The Joint Admissions and Matriculation Board (JAMB) and heads of all tertiary institutions have agreed to commence the 2020/2021 post- Unified Tertiary Matriculation Examination (UTME) screening on September 7.
The board explained the shift in the date of admission processes was to allow students sitting for the 2020 O’ level examinations conducted by the West African Examinations Council, National Examination Council and National Business and Technical Examination Board obtain the required O’ level qualifications.
Registrar of JAMB, Prof Is-haq Oloyede, disclosed this on Monday after a consultative virtual meeting with Vice Chancellors, Rectors and Provosts of tertiary institutions.
Oloyede said: “The view of JAMB is that while we go on consulting at a point when it becomes necessary for decision, we should all come together and take decision.
“Presently as you are aware, WAEC starts the Senior School Certificate Examination on 17 August, it will go on till 7th of September.
“Similarly, on the 21 of September or thereabout, NABTEB will commence its examination that will go on till on the 15 of October and immediately after that, NECO starts on the 5th and will hold till 18 of November.
“Rather than making candidates run, particularly, when they will have to write their school certificate exam in different towns and rush to university elsewhere for post-UTME, like somebody rushing from Sokoto to Ibadan for post-UTME, we believe as a custodian of the highest sector of the education system, we should avoid that.”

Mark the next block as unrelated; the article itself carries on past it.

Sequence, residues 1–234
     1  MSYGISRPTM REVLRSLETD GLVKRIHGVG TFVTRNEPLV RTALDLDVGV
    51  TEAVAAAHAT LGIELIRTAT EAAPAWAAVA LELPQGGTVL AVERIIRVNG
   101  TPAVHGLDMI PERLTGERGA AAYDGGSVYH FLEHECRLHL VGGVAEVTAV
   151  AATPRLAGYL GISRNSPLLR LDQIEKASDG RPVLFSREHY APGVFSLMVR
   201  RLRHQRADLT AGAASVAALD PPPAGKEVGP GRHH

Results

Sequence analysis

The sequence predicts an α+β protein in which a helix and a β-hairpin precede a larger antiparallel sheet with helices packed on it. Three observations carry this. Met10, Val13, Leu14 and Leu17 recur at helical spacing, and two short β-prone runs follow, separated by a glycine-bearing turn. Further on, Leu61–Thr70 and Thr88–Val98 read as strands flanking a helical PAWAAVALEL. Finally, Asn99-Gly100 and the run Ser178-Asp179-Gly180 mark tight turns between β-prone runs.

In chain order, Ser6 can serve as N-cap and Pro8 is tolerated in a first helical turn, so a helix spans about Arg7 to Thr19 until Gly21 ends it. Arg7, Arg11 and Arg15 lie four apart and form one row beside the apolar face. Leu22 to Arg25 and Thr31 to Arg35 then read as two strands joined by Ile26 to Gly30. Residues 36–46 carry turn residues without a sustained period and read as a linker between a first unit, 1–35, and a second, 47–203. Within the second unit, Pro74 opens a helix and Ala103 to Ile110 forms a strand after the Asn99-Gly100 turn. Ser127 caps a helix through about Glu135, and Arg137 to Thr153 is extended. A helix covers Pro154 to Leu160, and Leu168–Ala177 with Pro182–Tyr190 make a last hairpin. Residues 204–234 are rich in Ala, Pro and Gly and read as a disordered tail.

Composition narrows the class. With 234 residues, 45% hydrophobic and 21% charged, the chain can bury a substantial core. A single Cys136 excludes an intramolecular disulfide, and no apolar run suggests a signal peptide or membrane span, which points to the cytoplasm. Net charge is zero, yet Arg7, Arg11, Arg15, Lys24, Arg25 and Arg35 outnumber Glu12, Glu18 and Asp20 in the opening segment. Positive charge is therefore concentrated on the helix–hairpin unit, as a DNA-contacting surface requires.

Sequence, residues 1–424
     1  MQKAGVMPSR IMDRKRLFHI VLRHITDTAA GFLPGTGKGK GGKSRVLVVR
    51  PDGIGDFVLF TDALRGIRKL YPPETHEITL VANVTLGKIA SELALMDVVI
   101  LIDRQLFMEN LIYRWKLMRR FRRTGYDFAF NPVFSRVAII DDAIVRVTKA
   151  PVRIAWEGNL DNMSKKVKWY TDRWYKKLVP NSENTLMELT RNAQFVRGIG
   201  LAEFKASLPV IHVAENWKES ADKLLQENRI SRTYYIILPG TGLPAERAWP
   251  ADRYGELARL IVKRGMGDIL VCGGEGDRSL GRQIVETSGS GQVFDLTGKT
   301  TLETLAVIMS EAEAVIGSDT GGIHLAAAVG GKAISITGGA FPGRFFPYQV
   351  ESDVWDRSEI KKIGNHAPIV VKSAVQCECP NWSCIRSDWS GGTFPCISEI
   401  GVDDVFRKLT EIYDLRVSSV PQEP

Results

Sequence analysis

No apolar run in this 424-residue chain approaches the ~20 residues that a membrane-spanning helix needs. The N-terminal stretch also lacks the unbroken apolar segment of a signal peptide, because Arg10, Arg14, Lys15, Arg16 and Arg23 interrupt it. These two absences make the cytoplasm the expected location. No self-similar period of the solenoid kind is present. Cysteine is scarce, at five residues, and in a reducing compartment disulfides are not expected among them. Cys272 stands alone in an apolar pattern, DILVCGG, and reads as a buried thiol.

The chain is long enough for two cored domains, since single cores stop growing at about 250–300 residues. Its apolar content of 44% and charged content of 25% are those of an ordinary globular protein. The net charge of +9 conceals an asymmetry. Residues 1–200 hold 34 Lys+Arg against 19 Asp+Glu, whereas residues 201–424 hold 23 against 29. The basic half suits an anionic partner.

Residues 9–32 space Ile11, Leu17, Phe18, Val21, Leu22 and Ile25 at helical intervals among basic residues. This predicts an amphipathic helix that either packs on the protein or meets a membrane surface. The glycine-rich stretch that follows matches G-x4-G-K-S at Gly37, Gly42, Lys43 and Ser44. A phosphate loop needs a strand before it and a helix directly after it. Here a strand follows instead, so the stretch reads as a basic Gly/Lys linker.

Oloyede stated that institutions whose post-UTME screening is mandatory for candidates would have to spread such exercise in two phases.
“For those (institutions) who want to take post-UTME, that cannot be earlier than the 7th of September and it will be held twice- 7 September to 4 October, and then it will be held for the second time on the 18 November to mop up those who are taking their school certificate examination,” he stated.
Oloyede said institutions that conduct admissions without the administration of any-post UTME screening should also ensure candidates whose SSCE results will be released towards the end of the year are not denied participation in the admission exercise.
Meanwhile, Oloyede disclosed that the board has withheld the results of candidates that sat for this year’s UTME at Correctional Service Centres (prisons) over suspected infractions.
“There are candidates who took exams in the prison yard that we know are not prisoners, so we wrote to the correctional centres to explain how that happened because we didn’t want non-prisoners to take advantage of the concessions we give to inmates,” Oloyede said.